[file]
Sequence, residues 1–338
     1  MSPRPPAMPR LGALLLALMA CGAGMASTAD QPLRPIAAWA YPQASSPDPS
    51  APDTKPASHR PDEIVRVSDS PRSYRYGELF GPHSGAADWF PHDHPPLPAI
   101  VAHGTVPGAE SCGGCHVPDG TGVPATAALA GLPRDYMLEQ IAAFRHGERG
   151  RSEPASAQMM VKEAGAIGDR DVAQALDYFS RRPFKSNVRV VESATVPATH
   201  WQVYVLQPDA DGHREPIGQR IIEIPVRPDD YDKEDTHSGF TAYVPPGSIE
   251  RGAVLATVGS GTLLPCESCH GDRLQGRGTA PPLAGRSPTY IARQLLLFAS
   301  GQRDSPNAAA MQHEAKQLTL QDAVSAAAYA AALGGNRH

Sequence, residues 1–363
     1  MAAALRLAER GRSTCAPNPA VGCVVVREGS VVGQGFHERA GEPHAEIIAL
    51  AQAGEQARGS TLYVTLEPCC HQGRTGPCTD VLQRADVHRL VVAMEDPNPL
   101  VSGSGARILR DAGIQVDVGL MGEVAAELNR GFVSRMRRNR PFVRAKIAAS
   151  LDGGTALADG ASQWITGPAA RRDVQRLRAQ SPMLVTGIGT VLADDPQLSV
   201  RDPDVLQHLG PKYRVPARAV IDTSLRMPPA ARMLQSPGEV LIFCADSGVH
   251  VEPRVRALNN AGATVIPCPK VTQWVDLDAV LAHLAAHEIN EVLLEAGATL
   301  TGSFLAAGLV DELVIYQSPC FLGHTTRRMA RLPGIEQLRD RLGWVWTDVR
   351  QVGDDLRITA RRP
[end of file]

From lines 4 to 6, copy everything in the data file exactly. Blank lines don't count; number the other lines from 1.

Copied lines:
   101  VAHGTVPGAE SCGGCHVPDG TGVPATAALA GLPRDYMLEQ IAAFRHGERG
   151  RSEPASAQMM VKEAGAIGDR DVAQALDYFS RRPFKSNVRV VESATVPATH
   201  WQVYVLQPDA DGHREPIGQR IIEIPVRPDD YDKEDTHSGF TAYVPPGSIE